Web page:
The Paperboy Review
is a strange noir-infused mystery from Oscar-nominated filmmaker Lee
Daniels (Precious). It's essentially a pulpy
movie based upon a pulp novel by writer Pete Dexter (who co-wrote the
with Daniels). Unlike his Oscar nominated effort; The
Paperboy is an entirely surprising turn from director Daniels,
who has crafted a film that is a radical departure for him.
story of The Paperboy takes place during the 1960's
and in South Floria. The
story begins with a meeting where Anita Chester (Macy Gray) is
story of what happened. She tells the story is if it is one about
(Zac Efron). Anita was the maid to his family, and she was like a
mother to him
while he was growing up and becoming a man. As it turns out, he had a
death-row inmate Hillary Van
Wetter (John Cusack) is suggested innocent of a terrible murder by the
death-row obsessed Charlotte Bless (Nicole Kidman), who seems to find
prison as the most attractive people to write to and fall in love with.
"hot mess" as some might say, but she's got a lively and beautiful
is something that Jack see's in her when they first meet. Yet she
claims to be
in love with death-row inmate Wetter. This creates a problem for the
in love Jack, who falls for Charlotte as quickly as butter melts.
(Matthew McConaughey) and Yardley (David Oyelowo) had been brought in
into the material Charlotte found to be indicative of Wetter's
innocence in the
murder. Jack is the "Paperboy" who helped his brother Jansen, the
with delivering the papers. He becomes involved in trying to figure out
story. He almost instantly becomes attracted to the case out of his
Charlotte. Is Wetter guilty or innocent? What will be the result for
chances with the beautiful Charlotte? These are just some elements of
of the paperboy.
Daniels has a distinctive voice
as a filmmaker. I say this after only having seen two films by Daniels.
Precious was a brilliant film with some of the best performances I have
a long time. It was a great work of art. The
Paperboy is less distinctive in the sense that it is not really
meant to be
a dramatic work of fine art. The Paperboy
is a beautifully filmed and compellingly acted, and well told pulp noir
a different type of cinematic experience
and endeavor from what Daniel's has done before. Yet everything about
seems just as ambitious and impressive as Daniel's prior work. Lee's
got an impressive talent for bringing forth great performances. This is
aspect of his work.
excels largely because of how well everyone does in their respective
per usual, an undeniably fascinating and strong performance is given by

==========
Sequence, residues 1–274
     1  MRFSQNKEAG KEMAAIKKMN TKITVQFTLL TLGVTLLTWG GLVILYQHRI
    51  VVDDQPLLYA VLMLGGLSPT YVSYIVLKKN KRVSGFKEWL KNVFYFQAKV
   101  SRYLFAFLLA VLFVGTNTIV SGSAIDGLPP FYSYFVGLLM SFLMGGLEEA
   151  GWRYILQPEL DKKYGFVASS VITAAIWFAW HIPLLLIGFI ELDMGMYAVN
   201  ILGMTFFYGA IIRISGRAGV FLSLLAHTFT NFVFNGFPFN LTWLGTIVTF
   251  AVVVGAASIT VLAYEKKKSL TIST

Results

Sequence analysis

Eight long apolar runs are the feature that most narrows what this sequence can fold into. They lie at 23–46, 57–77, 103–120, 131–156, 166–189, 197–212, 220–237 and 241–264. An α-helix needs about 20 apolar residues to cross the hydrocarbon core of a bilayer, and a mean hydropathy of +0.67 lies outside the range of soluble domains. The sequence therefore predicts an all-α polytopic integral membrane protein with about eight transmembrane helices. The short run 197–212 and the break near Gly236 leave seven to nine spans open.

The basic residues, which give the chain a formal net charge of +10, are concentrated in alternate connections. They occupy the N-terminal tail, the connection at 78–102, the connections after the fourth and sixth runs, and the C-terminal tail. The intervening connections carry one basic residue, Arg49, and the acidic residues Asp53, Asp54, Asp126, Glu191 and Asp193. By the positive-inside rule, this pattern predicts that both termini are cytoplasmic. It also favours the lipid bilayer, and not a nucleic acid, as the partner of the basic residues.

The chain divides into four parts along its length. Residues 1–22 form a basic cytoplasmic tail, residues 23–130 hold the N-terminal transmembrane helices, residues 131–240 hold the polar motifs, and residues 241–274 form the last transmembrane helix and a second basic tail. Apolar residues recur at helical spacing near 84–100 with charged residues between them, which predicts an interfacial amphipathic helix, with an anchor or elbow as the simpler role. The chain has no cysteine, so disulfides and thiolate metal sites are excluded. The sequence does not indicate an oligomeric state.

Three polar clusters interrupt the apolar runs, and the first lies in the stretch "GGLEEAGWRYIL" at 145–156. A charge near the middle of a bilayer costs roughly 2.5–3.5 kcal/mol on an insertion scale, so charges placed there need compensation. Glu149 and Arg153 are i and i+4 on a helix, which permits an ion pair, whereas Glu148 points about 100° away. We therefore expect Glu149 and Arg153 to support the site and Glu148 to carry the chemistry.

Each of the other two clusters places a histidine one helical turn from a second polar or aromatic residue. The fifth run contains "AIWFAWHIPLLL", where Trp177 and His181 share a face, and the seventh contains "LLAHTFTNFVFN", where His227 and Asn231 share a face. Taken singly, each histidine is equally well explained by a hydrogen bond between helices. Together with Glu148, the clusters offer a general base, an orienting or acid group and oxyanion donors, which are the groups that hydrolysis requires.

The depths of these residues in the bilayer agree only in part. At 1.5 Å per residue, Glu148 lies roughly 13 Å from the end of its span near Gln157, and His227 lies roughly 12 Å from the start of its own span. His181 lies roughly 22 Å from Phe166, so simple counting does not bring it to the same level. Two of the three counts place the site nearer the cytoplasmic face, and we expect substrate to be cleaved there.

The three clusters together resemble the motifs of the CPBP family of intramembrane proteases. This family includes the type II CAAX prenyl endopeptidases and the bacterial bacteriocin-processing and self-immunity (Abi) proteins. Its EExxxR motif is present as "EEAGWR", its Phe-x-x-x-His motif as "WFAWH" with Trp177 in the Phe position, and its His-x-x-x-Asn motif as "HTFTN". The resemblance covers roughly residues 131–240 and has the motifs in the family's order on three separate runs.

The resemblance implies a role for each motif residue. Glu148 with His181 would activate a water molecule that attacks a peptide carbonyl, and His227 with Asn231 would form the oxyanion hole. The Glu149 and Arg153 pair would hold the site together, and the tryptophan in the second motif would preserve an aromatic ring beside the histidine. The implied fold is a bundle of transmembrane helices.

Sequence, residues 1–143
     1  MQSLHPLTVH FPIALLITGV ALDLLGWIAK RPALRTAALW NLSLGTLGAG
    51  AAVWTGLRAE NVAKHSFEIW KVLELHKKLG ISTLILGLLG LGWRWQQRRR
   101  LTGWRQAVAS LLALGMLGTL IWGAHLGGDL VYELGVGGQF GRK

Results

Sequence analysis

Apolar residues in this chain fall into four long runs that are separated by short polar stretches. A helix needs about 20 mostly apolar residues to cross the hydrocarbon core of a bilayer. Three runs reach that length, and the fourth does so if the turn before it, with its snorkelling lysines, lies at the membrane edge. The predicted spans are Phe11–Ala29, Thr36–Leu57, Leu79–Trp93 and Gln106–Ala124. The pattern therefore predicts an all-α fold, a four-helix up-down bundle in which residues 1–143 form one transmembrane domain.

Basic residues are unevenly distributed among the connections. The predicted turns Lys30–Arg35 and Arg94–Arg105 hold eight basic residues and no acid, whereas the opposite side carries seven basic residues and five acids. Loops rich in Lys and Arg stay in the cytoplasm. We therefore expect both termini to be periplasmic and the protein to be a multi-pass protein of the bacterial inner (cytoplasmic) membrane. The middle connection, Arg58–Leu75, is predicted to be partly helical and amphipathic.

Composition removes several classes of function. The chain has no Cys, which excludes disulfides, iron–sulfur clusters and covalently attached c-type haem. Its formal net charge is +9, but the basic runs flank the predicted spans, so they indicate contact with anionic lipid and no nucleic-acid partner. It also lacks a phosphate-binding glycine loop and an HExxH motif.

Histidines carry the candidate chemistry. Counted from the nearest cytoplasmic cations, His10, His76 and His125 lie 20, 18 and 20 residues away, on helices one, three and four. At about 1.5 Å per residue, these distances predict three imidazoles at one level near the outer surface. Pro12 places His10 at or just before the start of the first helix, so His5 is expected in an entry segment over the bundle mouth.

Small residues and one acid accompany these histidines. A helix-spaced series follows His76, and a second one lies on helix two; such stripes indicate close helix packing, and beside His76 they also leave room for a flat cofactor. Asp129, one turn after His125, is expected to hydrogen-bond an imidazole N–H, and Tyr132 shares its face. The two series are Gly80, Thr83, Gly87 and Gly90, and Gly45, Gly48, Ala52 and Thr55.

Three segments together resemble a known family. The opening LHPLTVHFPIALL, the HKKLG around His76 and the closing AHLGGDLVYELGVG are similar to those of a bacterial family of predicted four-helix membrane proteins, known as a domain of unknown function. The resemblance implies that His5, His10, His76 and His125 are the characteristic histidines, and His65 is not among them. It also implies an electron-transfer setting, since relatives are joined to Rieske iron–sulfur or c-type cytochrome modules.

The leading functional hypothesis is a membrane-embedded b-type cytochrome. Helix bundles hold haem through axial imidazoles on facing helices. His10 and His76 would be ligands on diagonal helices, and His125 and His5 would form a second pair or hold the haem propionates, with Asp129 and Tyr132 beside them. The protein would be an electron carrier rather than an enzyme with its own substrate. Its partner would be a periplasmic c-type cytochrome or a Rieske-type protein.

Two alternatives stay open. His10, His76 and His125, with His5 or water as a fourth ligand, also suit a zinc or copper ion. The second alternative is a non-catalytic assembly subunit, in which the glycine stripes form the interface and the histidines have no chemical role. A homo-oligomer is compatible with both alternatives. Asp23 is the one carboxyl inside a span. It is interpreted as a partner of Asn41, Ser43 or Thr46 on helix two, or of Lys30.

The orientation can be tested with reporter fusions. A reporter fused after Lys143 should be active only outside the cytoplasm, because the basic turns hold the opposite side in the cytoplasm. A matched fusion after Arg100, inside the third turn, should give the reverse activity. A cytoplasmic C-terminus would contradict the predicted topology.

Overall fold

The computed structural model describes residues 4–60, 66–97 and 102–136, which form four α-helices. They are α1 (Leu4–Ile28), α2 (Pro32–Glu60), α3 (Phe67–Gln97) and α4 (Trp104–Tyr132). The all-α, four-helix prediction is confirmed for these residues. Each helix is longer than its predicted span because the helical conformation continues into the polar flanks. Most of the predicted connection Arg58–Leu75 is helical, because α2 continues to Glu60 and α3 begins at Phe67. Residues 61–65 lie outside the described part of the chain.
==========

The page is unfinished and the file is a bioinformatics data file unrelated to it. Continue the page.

Kidman. What is more surprising, perhaps, is how worthwhile the
by Zac Efron. He also sinks further into his role than one might expect
the former High School Musical star.
film isn't a great work of art.
It's too pulpy and over-the-top in parts to be considered as a
film. Yet it is an entertaining thriller that works wonders with an
cast brought together to make this film as stellar as possible. It
the skill of a still relatively new to the game and impressive
from the way certain shots were framed to the cinematography by Roberto
Schaefer impresses. This is a well-made and effective thriller, and
ultimately the point. This is a well-told story that will have your
a difficult film to rate on the picture-quality scale. The film is
the proper theatrical aspect ratio of 2.35:1 widescreen. It also
preserves a cinematography
style of interest because of how different it makes the film look
most modern productions. It's an appropriate look for the film, though.
makes the film look a bit grungy and pulpy and like it's an old-school
As such, it's a hyper stylized presentation that looks clear and sharp
parts and a tad softer on the whole and with colors that don't pop
much. This is exactly how the film is supposed to look though. It's a
of the film's design as intended by the director and cinematographer.
This is a
worthwhile 1080p transfer.
Dolby TrueHD audio is a bit quieter and less refined than I would have
expected, but it does occasionally have some interesting sound effects
(especially during scenes that take place around swamps). The music has
in clarity and presentation from the lossless mix. This isn't a
presentation but it sounds nice, clean, and clear. It works well with
a few notable extras on this release. There is a brief featurette
that explores the making of the film. There is also a director
interview and several cast and crew interviews
the film and the characters. Lastly, there is some loosely edited
offers an interesting behind the scenes
look at the making of the film.
high-art. It's not an altogether great film. Yet it's an entertaining
that is suspenseful and intriguing and it is highlighted by several
performances (including yet another great performance by Nicole Kidman
surprising turn from rising star Zac Efron). This
may not be on the same level as Lee
Daniel's Precious but it's
a good effort from the director and it continues to display a level of
promise of great things to come from an immensely talented artist.
Neil Lumbard is a lifelong fan of cinema, and a student who aspires to make movies. He loves writing, and currently does in Texas.